We’re what? You find me an actual, live example of a woman who was “brought up” to think an independent, single WOMAN (not girl – we’re not children in our 20s) lifestyle in their 20s was the thang, and I’ll eat my hat. I’m in my early 30s – all of my female friends were, without exception, brought up to think serious relationships were the way to go (particularly when it came to sex) and I myself would have killed for a serious relationship that wasn’t utterly screwed up in my 20s. But all the blokes around me wanted to get pissed, screw anything that moved and had no wish whatsoever to settle down and get married.
    “By the time women look seriously toward marriage in their 30s, the kind of men who would have once filled the role of husband/children’s dad aren’t around anymore in large numbers.”
    Aren’t you contradicting yourself? If teh “girls” in their 20s aren’t getting married because they’re all committed to the single “girl” lifestyle, w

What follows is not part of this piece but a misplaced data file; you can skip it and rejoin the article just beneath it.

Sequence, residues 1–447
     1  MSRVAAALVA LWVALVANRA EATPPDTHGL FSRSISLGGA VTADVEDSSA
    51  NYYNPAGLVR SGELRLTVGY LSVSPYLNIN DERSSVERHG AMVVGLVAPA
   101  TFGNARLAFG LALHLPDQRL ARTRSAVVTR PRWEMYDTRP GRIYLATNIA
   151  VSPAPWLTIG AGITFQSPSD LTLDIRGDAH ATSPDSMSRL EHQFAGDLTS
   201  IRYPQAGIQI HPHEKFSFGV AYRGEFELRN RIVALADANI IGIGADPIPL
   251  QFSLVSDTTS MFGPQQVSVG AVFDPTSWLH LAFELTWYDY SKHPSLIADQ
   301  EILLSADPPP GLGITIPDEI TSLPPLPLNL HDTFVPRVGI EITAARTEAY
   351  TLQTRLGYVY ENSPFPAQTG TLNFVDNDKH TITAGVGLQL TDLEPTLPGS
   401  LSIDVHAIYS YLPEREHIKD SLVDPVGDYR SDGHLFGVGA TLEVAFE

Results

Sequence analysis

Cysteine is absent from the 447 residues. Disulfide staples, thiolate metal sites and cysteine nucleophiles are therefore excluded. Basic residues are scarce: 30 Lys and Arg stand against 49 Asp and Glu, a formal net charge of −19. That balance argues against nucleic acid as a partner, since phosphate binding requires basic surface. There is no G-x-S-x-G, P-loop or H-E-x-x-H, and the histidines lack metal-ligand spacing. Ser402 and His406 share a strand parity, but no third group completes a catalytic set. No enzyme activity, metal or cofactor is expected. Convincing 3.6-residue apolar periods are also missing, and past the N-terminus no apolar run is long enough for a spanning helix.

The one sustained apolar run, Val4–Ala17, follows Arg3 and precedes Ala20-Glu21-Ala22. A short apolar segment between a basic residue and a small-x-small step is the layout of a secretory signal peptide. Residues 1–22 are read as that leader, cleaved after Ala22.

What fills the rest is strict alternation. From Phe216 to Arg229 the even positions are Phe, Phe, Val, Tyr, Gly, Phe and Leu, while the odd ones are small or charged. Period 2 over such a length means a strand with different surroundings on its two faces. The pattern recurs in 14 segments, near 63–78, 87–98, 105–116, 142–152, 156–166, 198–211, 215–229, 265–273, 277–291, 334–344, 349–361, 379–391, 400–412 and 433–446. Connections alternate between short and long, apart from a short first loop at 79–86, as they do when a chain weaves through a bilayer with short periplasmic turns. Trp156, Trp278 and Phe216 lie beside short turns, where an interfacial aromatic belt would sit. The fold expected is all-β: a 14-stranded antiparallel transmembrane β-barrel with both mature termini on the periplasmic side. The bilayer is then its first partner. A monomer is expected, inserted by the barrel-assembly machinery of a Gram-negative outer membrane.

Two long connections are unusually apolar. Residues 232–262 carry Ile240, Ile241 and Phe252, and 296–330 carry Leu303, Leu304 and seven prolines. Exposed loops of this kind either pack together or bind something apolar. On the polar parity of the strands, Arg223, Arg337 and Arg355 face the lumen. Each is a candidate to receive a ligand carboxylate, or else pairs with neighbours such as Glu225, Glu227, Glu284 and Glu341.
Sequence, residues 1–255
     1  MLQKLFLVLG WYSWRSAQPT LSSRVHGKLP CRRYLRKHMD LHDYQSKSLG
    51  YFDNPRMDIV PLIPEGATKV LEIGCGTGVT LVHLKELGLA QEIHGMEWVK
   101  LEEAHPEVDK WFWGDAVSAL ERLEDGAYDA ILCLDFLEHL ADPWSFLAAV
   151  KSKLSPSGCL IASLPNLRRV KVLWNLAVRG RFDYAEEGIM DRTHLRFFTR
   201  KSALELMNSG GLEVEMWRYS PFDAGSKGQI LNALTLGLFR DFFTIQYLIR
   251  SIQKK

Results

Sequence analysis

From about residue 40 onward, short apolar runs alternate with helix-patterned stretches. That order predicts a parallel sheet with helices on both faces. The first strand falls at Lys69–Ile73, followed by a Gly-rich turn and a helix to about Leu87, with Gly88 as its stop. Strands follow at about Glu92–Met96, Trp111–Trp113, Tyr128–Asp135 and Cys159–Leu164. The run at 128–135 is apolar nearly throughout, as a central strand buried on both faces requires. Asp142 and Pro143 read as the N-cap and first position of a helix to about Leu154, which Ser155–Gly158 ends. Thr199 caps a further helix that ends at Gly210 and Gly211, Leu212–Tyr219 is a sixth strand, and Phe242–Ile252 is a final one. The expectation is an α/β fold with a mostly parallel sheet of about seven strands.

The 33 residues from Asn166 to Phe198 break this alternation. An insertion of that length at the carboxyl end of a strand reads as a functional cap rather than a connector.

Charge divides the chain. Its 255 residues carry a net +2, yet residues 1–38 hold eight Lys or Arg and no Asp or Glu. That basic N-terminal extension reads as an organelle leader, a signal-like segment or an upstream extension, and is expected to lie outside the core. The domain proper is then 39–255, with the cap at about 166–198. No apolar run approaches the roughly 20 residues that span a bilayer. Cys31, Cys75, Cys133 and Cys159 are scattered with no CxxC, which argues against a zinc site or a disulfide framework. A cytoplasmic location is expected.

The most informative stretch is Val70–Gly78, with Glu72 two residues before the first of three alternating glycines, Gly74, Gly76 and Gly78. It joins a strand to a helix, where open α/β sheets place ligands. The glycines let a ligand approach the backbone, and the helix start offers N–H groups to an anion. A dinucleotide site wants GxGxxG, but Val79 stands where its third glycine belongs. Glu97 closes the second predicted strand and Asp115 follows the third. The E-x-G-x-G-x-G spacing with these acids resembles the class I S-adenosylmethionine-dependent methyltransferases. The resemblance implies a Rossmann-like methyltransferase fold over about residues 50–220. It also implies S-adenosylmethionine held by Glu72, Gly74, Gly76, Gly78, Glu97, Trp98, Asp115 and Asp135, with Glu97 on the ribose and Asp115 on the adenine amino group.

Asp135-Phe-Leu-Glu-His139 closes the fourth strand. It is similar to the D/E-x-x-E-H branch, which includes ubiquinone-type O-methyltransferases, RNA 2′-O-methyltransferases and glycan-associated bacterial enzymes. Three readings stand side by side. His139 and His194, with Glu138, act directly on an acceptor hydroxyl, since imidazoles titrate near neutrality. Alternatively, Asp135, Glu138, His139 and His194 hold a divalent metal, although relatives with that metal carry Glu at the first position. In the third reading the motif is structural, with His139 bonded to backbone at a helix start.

The age at which family is taken seriously needs to be brought back a few years.

  9. Sorry, finger a little too fast on the send button!
    The last two paras of that comment were meant to read:
    Aren’t you contradicting yourself? If teh “girls” in their 20s aren’t getting married because they’re all committed to the single “girl” lifestyle, what the hell has happened to all the men? Why are they not around again? Did they move to another planet? Turn gay? What?
    Or is it actually that they’re married, to some of teh “girls” whom you claim are not yet interested in marriage, and it’s actually not all of us women who are rejecting the idea of committment in our 20s – just some of us find it, and some of us don’t.